The Chancellor George Osborne has opened up a debate about transparency after suggesting that politicians' tax rebates should be made public
Labour has raced into a poll lead as the Tories deal with fall-out from the Budget and the cash-for-access controversy, a survey shows.
The Tories have released a list of party donors who attended a lunch with the PM, with Labour calling for an independent inquiry.
The Conservative party is leading in the polls for London Assembly Constituency seats so far. These results in so far:
- Richard Patrick Tracey (Conservative) - Merton & Wandsworth
- James Spencer Cleverly (Conservative) - Bexley & Bromley
- Stephen John O'Connell (Conservative) - Croydon & Sutton
A purely Conservative Government would not be pressing ahead with reform of the House of Lords in this parliament, Justice Secretary Ken Clarke admitted today.
– Ken Clarke speaking on Sky News' Murnaghan programme
The existing House of Lords is a curious historical anomaly.
We are ready for democracy, I think. All three political parties were in favour of House of Lords reform in their last manifestos.
The Liberals probably have determined the timing. I think doing it now in this parliament has happened because the Liberals are anxious to get on with it.
Labour former home secretary David Blunkett said:
The implementation of Nick Clegg's proposals to change our centuries-old system of parliamentary governance is ill-thought through and will have wide-ranging repercussions.
An elected senator, having been voted in rather than appointed, would not feel bound by the customs and practice that have applied to an unelected chamber - and will undoubtedly come into conflict with the House of Commons.
Meanwhile, the so-called senators will be highly unaccountable - elected to serve non-renewable 15-year terms and unanswerable to the voters in the normal fashion of an elected chamber.
This dog's dinner of a proposal should be thrown out and, in any case, any proposal for a referendum should take place before legislating on the detail and not afterwards.
Katie Ghose, chief executive of the Electoral Reform Society, said:
We can understand why unelected Lords might have little time for accountability or manifesto commitments. These MPs have no such excuses.
Every one of these wannabe-rebels ran for Parliament on a promise of Lords reform.
Now they seem prepared to sacrifice their own Government's entire legislative programme to bury it.
It sends a strong signal to their constituents that their manifestos weren't worth the paper they were printed on.
The Government is right to stick to its guns. No party went into the last election defending the status quo, and if Lords reform is ever to see the light of day it will require all parties to stay committed.
Labour leader Ed Miliband said he was firmly behind proposals for a fully elected House of Lords.
He said: "A referendum on the issue is a good idea, and we have said this previously in our manifesto.
"But I don't quite understand why the Government is setting its face against giving the people a say.
"We have made our position in wanting a referendum for a 100% elected House of Lords very clear.
"Am I surprised at the way some Tories have threatened a rebellion against the issue? Look, that's a matter for them and I will leave the Tories' problems to themselves.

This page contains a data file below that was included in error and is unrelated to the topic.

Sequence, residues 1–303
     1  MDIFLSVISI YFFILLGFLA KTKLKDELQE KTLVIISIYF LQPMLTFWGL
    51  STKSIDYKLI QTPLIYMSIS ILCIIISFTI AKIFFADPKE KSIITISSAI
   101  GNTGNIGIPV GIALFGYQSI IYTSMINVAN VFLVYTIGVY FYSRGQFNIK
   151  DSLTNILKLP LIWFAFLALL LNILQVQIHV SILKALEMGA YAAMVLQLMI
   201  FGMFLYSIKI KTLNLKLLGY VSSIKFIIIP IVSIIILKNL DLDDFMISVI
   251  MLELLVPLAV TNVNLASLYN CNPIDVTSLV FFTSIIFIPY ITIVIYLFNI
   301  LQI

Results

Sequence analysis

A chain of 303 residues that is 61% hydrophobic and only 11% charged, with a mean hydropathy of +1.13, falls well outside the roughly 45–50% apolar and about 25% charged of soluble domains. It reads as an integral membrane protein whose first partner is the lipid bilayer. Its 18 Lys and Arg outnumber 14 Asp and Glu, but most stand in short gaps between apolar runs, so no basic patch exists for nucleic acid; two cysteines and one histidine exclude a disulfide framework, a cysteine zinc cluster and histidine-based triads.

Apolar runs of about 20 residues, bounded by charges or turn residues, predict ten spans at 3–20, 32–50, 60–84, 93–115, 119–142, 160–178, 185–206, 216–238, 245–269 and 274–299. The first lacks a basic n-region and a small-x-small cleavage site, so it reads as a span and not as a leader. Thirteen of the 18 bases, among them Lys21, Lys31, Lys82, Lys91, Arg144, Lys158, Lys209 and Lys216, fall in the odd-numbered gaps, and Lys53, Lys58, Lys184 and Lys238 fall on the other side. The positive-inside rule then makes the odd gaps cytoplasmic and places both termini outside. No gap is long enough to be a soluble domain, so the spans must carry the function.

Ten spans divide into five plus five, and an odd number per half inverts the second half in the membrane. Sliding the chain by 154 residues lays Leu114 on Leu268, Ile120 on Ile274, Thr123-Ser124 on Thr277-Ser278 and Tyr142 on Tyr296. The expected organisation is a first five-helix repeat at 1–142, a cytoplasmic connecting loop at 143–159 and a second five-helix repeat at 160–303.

"There are lots of more important issues facing our country right now such as health, education and jobs."
Conservative MP Peter Bone said many of his colleagues on the Tory backbenches were dispirited at the prospect of Lords reform being placed at the heart of the Government's agenda in next month's Queen's Speech. He said:
It is a huge problem for the Prime Minister and he knows it's a huge problem.
It certainly could bring the coalition down, though whether it will I don't know.
The one thing the Liberal Democrats are demanding is Lords reform because Nick Clegg has failed on everything else, and if he gets this then he will go down in history as the Liberal leader who achieved something they've been trying to do for 100 years.
Presumably there will be some sort of sweeteners, and the Prime Minister will say we will reach some sort of compromise.
Downing Street said David Cameron remained committed to reform of the House of Lords.
"Both the Prime Minister and the Deputy Prime Minister are committed to Lords reform," a No 10 spokeswoman said.
She added that all members of the Government would be expected to support the legislation when it comes to Parliament.
"If it is Government policy, one expects the Government to support it," she said.
She said ministers were "not persuaded" by calls for a referendum on the issue.
A senior Liberal Democrat peer has warned Conservatives that they must back coalition plans to reform the House of Lords - despite a threatened revolt by Tory backbenchers.
Senior Lib Dem peer Lord Oakeshott insisted today that the plan was part of the coalition agreement and should be supported by MPs of both parties. He said:
"Our vast unelected House of Lords is overstuffed with complacent dinosaurs.
"Electing both Houses of Parliament is a simple democratic principle, it's in all three major parties' general manifestos and the coalition agreement.
"So all coalition MPs should back it - and Labour mustn't drag their feet on this long overdue reform."
Conservative MPs are reported to have lined up to condemn House of Lords reform proposals - set to form the centrepiece of next month's Queen's Speech - during a "stormy" meeting last night of the party's backbench 1922 Committee.
A number of ministerial aides are reported to have indicated they would rather resign than support legislation for a largely- or wholly-elected upper chamber.